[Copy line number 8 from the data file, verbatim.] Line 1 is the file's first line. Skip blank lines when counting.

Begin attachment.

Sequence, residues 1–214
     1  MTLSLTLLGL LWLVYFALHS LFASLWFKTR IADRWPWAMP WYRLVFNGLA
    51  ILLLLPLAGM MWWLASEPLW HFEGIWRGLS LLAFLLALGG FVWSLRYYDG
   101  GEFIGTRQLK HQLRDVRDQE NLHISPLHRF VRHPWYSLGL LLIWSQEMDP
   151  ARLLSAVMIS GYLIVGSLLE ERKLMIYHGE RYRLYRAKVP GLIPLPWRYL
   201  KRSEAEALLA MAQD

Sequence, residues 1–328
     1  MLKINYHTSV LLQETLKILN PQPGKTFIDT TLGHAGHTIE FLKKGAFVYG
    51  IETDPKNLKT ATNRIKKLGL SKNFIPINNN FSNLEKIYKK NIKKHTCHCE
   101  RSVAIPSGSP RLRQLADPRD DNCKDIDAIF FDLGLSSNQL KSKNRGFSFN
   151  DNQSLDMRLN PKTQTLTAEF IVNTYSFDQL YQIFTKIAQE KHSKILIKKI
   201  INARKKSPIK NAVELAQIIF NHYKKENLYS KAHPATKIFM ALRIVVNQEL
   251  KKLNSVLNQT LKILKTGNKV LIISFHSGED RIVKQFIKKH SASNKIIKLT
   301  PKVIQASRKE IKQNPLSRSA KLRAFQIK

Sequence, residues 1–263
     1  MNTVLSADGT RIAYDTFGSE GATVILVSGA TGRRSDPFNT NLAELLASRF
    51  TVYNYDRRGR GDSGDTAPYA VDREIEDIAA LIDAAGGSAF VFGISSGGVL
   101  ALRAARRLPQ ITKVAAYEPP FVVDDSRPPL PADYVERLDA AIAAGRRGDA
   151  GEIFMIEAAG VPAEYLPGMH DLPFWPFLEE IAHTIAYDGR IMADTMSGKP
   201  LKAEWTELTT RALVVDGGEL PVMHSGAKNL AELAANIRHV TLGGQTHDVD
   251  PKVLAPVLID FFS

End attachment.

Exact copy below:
     1  MLKINYHTSV LLQETLKILN PQPGKTFIDT TLGHAGHTIE FLKKGAFVYG